Discover: Hot Little Hands is a promising debut story collection focusing on how a diverse group of young women make the difficult transition between childhood and adulthood.

Spiegel & Grau, $26, hardcover, 9780812989175

Silver Dolphin Books: Kisses for Kindergarten by Livingstone Crouse, illustrated by Macky Pamintuan


Last Ride to Graceland

by Kim Wright


Blues musician Cory Beth Ainsworth has always known that her mama, Laura Berry, spent one wild, glamorous year as a backup singer for Elvis. Known as "Honey" during her brief singing career, Laura was at Graceland the night Elvis died. She returned home to South Carolina, married her high school sweetheart and settled down to raise her daughter. But after Laura's death, Honey discovers a vintage Stutz Blackhawk in her stepfather's shed: a mint-condition car that clearly belonged to the King himself. Fueled by a need to delve into her own history and discover how it might be bound up with Elvis's story, Cory takes to the road, retracing Laura's journey in the opposite direction. In her fourth novel, Last Ride to Graceland, Kim Wright follows Cory's circuitous and illuminating pilgrimage from Beaufort, S.C., to Memphis, through the key places of her mother's life.

Wright (The Unexpected Waltz) tells her story in both Cory's and Laura's voices, shifting back and forth between 1977 and the present day. Several characters--Laura's sweetheart Bradley, her fellow backup singer and friend Marilee--appear in both narratives, with different aspects of their characters highlighted through Laura's and Cory's eyes. Elvis himself, both the man and the myth, is also a prominent figure, as flawed and human as any of Wright's less famous characters.

With a tone as Southern as its geography, Last Ride to Graceland is a treat for readers who love the King, enjoy a good family saga or long for the open road. --Katie Noah Gibson, blogger at Cakes, Tea and Dreams

Discover: A blues musician heads for Graceland in a car that belonged to Elvis, searching for clues about her own identity.

Gallery Books, $16, paperback, 9781501100789

Crown Publishing Group: The Little French Bistro by Nina George


The One That Got Away

by Leigh Himes


It's a universally considered premise: What would have happened if we made different choices in life? In her first novel, The One That Got Away, Leigh Himes humorously unravels the ramifications of such a possibility for Abbey Lahey, a 20-something, stressed wife and "suburban sweatpant mom" of two. Abbey's fraught, middle-class Philadelphia life includes a muffin top; a job in public relations that demands as much attention as her five-year-old bedwetting daughter; a rambunctious toddler of a son; an out-of-work husband, Jimmy; and stacks of unpaid bills.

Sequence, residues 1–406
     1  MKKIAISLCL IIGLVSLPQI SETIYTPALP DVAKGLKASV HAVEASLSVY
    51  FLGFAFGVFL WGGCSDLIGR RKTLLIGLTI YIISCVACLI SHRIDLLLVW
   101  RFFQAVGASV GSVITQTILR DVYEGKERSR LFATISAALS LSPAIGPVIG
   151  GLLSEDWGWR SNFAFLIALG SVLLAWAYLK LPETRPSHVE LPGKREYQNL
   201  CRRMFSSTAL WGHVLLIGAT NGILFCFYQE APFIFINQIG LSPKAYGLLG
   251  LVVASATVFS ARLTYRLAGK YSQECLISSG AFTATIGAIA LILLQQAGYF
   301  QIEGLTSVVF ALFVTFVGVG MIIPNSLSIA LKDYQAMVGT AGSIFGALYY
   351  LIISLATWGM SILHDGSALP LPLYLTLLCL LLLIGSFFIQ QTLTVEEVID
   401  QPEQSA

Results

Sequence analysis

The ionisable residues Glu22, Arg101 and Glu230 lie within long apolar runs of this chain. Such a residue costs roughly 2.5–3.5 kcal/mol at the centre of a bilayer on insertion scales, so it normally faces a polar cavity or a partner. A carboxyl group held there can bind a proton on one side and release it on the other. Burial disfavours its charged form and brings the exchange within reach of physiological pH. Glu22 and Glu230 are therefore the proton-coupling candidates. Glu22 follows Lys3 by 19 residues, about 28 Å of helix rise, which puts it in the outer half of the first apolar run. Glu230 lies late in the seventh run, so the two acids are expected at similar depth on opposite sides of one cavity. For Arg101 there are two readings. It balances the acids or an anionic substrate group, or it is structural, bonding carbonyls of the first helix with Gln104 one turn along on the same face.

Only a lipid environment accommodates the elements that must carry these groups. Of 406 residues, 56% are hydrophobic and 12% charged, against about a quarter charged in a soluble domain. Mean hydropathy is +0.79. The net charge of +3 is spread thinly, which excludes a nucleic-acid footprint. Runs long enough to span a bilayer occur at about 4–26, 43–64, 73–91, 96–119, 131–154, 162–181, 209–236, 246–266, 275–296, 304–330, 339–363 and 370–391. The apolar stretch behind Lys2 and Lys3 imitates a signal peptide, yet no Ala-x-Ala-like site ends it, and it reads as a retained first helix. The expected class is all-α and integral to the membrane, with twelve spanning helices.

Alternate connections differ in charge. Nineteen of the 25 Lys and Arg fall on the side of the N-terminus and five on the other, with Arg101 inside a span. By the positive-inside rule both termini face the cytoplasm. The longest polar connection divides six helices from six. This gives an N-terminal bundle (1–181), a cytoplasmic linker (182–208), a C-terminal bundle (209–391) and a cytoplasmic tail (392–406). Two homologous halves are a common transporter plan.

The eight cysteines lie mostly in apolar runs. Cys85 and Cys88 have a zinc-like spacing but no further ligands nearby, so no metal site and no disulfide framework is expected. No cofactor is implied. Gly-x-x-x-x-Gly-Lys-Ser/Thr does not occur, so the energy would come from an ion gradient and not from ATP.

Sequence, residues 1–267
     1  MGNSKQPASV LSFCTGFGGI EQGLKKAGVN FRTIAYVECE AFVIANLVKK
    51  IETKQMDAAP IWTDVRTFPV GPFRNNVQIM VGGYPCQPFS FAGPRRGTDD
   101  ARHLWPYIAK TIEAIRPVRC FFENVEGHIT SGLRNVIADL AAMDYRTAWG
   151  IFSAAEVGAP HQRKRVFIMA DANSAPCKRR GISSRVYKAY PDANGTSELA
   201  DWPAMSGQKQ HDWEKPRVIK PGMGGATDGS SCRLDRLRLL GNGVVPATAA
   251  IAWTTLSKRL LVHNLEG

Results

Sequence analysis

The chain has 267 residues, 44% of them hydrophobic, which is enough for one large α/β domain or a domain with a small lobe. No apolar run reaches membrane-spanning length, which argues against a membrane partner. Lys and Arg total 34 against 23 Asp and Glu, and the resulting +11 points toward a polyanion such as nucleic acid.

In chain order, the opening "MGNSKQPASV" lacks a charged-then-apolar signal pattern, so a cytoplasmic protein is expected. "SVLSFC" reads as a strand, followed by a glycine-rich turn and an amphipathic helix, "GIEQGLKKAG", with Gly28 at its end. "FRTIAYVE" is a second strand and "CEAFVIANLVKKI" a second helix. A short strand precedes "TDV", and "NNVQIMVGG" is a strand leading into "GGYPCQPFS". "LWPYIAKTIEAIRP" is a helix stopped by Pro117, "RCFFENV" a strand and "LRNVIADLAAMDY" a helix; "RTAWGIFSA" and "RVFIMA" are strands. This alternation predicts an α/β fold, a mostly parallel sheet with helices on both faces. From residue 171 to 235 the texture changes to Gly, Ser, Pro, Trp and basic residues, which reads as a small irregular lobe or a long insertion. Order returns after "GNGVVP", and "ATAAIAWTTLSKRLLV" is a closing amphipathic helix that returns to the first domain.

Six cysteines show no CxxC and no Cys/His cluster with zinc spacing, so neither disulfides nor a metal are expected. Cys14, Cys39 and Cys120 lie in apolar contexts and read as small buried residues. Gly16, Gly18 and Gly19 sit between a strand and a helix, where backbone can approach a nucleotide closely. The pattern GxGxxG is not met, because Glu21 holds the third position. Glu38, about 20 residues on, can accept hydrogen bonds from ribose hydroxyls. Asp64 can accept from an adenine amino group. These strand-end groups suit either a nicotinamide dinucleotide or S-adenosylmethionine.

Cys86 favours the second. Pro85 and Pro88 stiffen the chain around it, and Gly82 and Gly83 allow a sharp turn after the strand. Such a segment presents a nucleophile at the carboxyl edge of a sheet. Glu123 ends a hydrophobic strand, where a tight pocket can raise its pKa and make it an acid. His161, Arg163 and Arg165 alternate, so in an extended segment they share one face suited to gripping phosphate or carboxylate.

When Abbey sets off to Nordstrom to return a $598 designer pocketbook to ease the strain on the family bank account and pay for running water and pediatrician co-pays, she falls over the side of an escalator en route to customer service. Blacking out, she suffers a head injury and wakes to someone else's life: Abbey van Holt, the wife of rich, handsome and well-connected Alexander van Holt, who's running for Congress. Abbey and Alex met years before; she considered him "the one that got away." With Abbey suddenly entrenched in an alternate reality of plastic surgery corrections to her former bodily flaws, lavish privilege and high society life--with problems of its own, including the pitfalls of politics and a meddlesome mother-in-law--the culture shock ultimately offers a renewed sense of perspective and unexpected appreciation for her once ordinary, however challenged, middle-class life. Himes's well-constructed comic novel adds thought-provoking depth to a charming be-careful-what-you-wish-for story. --Kathleen Gerard, blogger at Reading Between the Lines